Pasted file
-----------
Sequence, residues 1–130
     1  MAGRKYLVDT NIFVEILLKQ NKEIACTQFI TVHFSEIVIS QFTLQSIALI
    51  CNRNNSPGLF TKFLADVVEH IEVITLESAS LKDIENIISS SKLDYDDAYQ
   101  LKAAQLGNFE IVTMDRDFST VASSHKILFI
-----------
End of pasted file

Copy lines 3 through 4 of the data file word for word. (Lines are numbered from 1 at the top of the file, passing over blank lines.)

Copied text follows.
    51  CNRNNSPGLF TKFLADVVEH IEVITLESAS LKDIENIISS SKLDYDDAYQ
   101  LKAAQLGNFE IVTMDRDFST VASSHKILFI